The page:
Daylight Savings

A common and often frustrating or anxiety inducing change which many parents face is to transition through time changes such as daylight savings. 

Now, if you are in Queensland or the Northern Territory, this adjustment isn't something you have to worry about however for the remainder of Australia is it, so below are a few of our top tips on how to help ease through this transition. 

When Does Daylight Savings Occur? 

In 2008, various state governments agreed to help standardise daylight savings by introducing start and end dates. So, every year daylight savings ends on the first Sunday in April (April 1st, 2018) and begins on the first Sunday in October (7th 2018). 

Beginning in 2008, the various state governments agreed to standardise daylight saving start and end dates, with the result being that daylight saving begins on the first Sunday in October and ends on the first Sunday in April.

Knowing these dates allows us to prepare for this transition early and help to settle our little ones into this change gradually.

Moving Sleep Backwards As Clocks Go Forward

When you are moving the clocks forward and hour (when daylight savings starts) it can be blissful knowing that your little ones wake time may change from 6:30am to 7:30am and many parents won't feel the need to make any routine adjustments.

It is important to remember however, that this then means that their usual bed time of 6:30pm will become 7:30pm. Again, some parents may be content in keeping this in place, while other families may prefer to shift their little ones routine back to 6:30am-6:30pm.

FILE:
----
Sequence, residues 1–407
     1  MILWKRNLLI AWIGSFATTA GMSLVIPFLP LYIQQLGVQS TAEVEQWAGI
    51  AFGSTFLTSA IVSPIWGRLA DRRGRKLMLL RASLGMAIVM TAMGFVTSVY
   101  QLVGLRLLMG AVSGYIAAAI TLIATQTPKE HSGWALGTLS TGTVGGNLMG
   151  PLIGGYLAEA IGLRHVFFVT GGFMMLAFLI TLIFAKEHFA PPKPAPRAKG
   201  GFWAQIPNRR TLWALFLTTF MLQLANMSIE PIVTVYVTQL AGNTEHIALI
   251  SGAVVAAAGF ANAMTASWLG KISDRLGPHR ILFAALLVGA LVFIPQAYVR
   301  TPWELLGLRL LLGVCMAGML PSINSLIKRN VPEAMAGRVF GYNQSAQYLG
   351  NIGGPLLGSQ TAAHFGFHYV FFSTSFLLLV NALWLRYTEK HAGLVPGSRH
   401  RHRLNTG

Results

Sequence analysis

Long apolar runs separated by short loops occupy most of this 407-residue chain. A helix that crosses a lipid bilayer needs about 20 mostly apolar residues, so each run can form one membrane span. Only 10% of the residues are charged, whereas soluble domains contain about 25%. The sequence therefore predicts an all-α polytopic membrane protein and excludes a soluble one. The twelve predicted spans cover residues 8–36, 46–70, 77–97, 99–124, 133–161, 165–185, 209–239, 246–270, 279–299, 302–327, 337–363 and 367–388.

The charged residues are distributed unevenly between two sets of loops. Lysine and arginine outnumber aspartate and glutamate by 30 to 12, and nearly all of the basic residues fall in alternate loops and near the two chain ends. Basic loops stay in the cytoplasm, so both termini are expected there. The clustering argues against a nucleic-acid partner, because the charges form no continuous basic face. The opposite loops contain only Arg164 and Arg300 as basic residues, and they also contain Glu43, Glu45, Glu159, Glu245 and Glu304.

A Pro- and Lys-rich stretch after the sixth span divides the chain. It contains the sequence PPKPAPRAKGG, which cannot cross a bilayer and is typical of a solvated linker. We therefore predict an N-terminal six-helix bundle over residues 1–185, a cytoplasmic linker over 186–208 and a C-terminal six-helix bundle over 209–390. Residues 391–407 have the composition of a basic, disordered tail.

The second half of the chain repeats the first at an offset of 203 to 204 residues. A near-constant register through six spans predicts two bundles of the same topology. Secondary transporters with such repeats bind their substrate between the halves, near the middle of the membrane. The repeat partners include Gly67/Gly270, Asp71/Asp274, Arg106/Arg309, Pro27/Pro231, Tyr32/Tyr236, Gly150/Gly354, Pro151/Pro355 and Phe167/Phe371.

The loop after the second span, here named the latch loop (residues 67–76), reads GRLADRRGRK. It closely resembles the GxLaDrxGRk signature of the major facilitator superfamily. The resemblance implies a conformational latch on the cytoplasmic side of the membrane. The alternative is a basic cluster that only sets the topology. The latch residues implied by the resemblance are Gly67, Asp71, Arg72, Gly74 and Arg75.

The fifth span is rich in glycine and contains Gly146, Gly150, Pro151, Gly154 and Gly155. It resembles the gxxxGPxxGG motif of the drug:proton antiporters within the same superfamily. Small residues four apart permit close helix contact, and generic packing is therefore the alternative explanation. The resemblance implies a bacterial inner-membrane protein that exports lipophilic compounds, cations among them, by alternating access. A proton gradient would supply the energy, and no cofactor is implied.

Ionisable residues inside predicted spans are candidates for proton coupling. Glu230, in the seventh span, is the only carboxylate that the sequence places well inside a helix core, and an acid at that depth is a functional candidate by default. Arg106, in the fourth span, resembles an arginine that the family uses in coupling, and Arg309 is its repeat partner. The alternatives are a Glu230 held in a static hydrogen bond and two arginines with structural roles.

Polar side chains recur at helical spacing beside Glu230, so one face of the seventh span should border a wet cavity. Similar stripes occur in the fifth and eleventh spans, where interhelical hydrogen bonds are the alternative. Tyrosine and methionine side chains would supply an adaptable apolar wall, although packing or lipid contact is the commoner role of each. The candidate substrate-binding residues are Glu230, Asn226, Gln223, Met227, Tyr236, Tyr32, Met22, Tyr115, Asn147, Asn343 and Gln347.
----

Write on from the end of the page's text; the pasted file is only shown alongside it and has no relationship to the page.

You may find that this naturally occurs over the space of a few weeks. However, if you are wanting to help your little one progress through this transition sooner, you can look at gradually bringing your little ones bed time forward, by 10-15 minutes every few days, in the weeks leading up to April.

You can also look at waking your little one at 6:30am (daylight savings time) and placing them down at 6:30pm that night. It can take a few days for your little ones body-clock to reset, so allow for time, persistence and consistency and you will see your little one gradually adjust. 

Moving Sleep Forward As Clocks Go Backwards

While most parents will find the transition into Daylight savings easy, many parents are faced with early morning rising when daylight savings comes to an end. For example, if your little one is sleeping in until 6:30am, once daylight savings ends this than means your little one is waking at 5:30am. 

For this reason, many parents are happy not to adjust their little one's routines once daylight savings starts and then stops, however if you are finding that your little one has developed early morning rising due to daylight savings ending, below are a few helpful tips for you to implement. 

Much like when daylight savings begun (and you turned your clock forward an hour) you can look at gradually changing your little ones bed time to prepare them for the time change. 

You may like to do this by pushing your little ones bed time back 10-15 minutes every few days leading up to October until you have reached a 7:30pm bed time. Once daylight savings ends, this will then mean your little one is ready for bed by 6:30pm and waking at 6:30am. 

When making adjustments to your little ones morning wake and overnight sleep time, it is also important o be mindful of the wake period, you may need to distract your child actively to help him or her make it closer to the new nap time . This may take some time for you son or daughter to adapt, and may feel tricky but holding off that day sleep to produce the "correct" wake period will be helpful in resetting the body clock.